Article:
Using robots and computer programming to get students excited about math

Dr. Harry Cheng

Harry Cheng, a professor of mechanical and aerospace engineering, helps make abstract math concepts come alive for students using computing and robotics. (Credit: UC Davis)

For the past 10 years, Harry Cheng, a professor of mechanical and aerospace engineering at UC Davis, has been trying to get K-12 students excited about math, especially algebra.

In California, students are required to pass Algebra 1 in order to graduate from high school. Algebra is also essential for entry into any science, technology, engineering and math (STEM) field. But despite algebra being critical for success, many students fail. “Nearly half of California students retake Algebra 1,” said Cheng. And many students never even bother to finish high school: In the United States, more than 1.2 million students drop out every year, and although California’s graduate rate has improved in recent years, 52,249 students dropped out of high school in 2014.

So ten years ago Cheng, who has a background in engineering and an avid interest in computing and robotics, decided to help students learn algebra by using robots and computing. He wanted to make math fun.

What he and his research team developed, C-STEM Studio, available from the UC Davis Center for Integrated Computing and STEM Education, is a toolkit for teaching science, technology, engineering and mathematics using computing and robotics for integrated learning.

The program can be used for students starting as early as the first grade all the way through high school. And teachers can download all the tools, code, and textbooks for free.

The sixth annual C-STEM Day in May featured 73 student teams competing at UC Davis and another 27 competing at University High School in Irvine. (Credit: C-STEM)

C-STEM Day 2016

The sixth annual C-STEM Day in May featured 73 student teams competing at UC Davis and another 27 competing at University High School in Irvine. (Credit: C-STEM)

“Hands-on math education with computing and robotics is much more effective than traditional instruction with pencil and paper,” Cheng says. “Computing and robotics make the abstract math concepts come alive.”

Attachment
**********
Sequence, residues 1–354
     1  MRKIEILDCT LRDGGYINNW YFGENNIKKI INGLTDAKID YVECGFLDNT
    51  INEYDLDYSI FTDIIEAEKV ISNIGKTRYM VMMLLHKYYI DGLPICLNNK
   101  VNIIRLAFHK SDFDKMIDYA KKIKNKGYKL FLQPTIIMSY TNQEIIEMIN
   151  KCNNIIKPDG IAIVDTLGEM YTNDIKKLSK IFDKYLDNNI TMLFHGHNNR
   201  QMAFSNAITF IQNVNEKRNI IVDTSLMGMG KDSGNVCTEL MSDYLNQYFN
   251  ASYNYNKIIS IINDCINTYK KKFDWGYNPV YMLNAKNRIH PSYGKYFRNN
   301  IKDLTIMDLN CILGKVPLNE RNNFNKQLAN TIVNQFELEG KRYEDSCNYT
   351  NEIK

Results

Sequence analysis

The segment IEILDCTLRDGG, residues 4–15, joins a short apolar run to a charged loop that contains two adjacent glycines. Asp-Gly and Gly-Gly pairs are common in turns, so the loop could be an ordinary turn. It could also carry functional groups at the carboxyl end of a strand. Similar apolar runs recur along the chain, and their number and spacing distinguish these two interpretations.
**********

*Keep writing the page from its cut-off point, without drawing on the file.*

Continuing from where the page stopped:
The software can be used to program both real and “virtual” robots and can also work with Linkbots made by Barobo and Mindstorms NXT and EV3 made by Lego.

C-STEM is used in more than 200 elementary, middle and high schools, mostly in California, affecting some 10,000 students. The algebra curriculum is aligned with Common Core state standards in mathematics.

In June, Cheng was recognized for his work with C-STEM when he awarded the UC Davis Chancellor’s Innovator of the Year Award. The award recognizes faculty, staff or teams whose inventive, innovative or entrepreneurial activities have had a measurable societal impact or have a strong potential to do so.

Since 2010 the center has received over $5 million in grants from the National Science Foundation, as well as support from the California Department of Education including collaborative grants with the Yolo and Solano County Offices of Education.

Cheng is using the $10,000 Innovator of the Year Award to establish a C-STEM Distinguished Lecturers Program for outstanding C-STEM teachers to give lectures on hands-on math education in school districts and county offices of education.

Cheng has been most excited by being able to work with schools to transform “at-risk” students into high achievers, something that has profoundly changed the lives of many young men and women.

“Students are much more engaged. Programming a robot or a robotic system with multiple modules to achieve a task excites their imagination and improves their critical and logical thinking, and problem-solving skills. Computing and robotics make the abstract math concepts come alive.”

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